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Tuesday, Nov. 25, 2014

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Scholars gather for Darwin conference, June 8

Edward Larson, 1998 Pulitzer Prize winner in history, will deliver the keynote address to a conference, "Darwins Entangled Bank: The Cultural Legacy of Evolution," Friday, June 8.

Larson will speak at 2 p.m. in 10 Guyot Hall. The conference will run from 9 a.m. to 5 p.m. in that room.

In the 142 years since Charles Darwin wrote of evolution, his influence on modern culture has grown more complex and controversial. This conference will highlight the effects of Darwinism on bioengineering and social policy; ethical and religious conflict; ideas of place and landscape; racial and sexual difference; and animal rights and species competition.

Panelists will include: Robert Faggen, literary historian; William Grassie, director of the Philadelphia Center for Religion and Science; Alison Jolly, author and primatologist; Dieter Hessel, director of the Program on Ecology, Justice and Faith; George Levine, critic of science and literature; Londa Schiebinger, historian of science; Max Stackhouse, expert on theological ethics; and Louise Westling, authority on ecocriticism.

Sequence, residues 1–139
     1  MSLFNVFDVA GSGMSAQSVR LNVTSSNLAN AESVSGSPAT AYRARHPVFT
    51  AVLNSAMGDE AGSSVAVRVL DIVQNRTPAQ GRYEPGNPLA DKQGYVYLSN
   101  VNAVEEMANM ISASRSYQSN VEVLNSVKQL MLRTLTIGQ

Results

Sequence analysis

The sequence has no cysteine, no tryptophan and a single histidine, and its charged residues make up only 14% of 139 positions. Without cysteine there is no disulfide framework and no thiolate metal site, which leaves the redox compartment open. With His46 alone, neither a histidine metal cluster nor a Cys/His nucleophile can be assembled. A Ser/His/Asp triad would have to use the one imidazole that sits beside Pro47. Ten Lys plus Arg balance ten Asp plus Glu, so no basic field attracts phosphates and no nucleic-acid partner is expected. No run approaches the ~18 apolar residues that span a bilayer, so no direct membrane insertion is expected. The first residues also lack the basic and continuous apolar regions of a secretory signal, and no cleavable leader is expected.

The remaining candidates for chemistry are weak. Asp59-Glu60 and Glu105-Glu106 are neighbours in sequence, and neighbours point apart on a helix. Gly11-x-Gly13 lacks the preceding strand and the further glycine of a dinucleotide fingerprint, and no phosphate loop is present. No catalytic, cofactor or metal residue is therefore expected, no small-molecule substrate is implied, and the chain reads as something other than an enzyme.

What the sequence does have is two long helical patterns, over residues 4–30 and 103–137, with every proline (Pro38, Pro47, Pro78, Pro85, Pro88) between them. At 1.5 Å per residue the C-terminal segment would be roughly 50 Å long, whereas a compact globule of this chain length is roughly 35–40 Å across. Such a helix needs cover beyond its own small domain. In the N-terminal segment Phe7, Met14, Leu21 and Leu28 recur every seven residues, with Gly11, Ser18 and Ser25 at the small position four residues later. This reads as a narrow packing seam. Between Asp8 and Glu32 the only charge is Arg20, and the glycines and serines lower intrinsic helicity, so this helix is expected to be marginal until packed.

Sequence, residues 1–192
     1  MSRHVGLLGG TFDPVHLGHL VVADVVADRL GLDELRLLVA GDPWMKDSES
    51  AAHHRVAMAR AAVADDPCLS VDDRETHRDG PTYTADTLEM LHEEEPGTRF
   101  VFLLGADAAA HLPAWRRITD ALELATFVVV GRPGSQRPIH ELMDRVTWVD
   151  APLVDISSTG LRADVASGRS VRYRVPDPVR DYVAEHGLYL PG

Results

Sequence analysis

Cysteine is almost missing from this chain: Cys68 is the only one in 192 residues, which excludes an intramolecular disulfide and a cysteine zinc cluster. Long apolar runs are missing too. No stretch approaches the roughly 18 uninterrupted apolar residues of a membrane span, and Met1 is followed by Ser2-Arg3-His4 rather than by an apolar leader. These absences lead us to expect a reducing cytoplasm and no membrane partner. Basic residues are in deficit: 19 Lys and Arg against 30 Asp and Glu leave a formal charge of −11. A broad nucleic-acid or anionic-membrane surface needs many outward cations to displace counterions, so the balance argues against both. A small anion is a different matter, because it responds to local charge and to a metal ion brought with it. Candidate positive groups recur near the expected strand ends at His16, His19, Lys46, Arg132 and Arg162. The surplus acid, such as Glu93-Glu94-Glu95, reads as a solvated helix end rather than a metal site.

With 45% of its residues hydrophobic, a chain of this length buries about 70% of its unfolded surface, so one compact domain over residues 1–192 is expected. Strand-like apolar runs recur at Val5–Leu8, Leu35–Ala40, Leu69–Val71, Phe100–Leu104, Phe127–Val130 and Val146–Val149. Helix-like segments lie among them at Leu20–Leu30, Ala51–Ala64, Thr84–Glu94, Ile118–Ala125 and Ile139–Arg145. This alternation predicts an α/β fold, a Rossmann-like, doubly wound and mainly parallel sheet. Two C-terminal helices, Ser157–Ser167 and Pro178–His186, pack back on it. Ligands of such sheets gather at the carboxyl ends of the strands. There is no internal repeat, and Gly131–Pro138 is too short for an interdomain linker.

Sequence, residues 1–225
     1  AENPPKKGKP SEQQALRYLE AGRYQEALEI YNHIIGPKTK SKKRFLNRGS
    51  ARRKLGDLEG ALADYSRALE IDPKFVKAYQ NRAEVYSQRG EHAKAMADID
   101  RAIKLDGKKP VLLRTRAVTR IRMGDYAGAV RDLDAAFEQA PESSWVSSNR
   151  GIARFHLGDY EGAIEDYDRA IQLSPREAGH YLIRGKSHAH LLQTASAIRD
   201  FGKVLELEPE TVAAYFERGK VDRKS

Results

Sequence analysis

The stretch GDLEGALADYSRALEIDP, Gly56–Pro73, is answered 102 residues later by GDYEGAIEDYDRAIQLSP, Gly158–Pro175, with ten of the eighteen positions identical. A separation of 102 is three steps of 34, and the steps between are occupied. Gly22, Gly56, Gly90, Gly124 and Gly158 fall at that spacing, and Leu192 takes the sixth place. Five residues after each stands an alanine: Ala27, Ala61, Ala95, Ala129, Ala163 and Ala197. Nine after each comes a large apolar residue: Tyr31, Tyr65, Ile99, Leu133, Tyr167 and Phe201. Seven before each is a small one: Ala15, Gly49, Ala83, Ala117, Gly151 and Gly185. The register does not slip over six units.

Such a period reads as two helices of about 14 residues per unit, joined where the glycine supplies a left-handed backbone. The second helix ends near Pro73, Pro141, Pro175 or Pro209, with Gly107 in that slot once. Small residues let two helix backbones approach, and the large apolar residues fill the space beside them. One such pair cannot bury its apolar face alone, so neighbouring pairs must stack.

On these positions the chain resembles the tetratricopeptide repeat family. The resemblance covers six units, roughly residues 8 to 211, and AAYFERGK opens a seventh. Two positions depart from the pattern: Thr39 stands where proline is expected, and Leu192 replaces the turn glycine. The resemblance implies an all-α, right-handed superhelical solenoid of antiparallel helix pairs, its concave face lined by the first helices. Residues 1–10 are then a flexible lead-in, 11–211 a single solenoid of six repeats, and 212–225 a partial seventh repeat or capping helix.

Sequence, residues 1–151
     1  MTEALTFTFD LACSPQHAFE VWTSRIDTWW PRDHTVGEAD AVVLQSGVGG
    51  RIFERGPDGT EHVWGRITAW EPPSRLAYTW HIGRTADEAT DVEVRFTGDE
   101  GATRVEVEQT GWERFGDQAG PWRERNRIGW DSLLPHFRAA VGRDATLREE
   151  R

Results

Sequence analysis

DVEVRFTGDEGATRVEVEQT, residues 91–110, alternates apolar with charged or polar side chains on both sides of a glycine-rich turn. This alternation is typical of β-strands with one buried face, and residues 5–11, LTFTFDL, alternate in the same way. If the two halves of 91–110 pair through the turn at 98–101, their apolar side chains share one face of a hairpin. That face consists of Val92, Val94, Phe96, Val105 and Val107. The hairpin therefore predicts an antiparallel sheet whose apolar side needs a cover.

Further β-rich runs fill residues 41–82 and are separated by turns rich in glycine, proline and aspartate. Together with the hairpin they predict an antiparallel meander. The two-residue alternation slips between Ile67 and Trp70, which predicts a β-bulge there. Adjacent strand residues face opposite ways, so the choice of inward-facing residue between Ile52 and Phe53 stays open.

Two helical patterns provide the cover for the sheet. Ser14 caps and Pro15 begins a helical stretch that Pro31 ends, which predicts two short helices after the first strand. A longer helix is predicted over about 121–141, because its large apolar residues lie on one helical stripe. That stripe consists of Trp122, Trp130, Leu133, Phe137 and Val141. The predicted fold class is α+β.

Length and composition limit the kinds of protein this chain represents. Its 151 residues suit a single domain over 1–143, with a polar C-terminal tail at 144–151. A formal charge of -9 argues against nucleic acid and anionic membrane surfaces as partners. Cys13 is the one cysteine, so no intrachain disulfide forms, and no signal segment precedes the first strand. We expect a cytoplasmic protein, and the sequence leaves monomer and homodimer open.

Also participating will be several noted Princeton faculty, including historian of science Angela Creager, ecologist Simon Levin, molecular biologist Lee Silver and ethicist Peter Singer.

The conference concludes an interdisciplinary graduate seminar, taught by William Howarth, Lisa Sideris and Laura Sayre of the Princeton faculty and sponsored by the Center for the Study of Religion, with funding provided by the Pew Charitable Trusts and the Templeton Foundation.

The conference is free and open to the public; however, seating is limited and registration is required by e-mailing Sideris . A full schedule of conference events is available by clicking here .

Contact: Marilyn Marks (609) 258-3601

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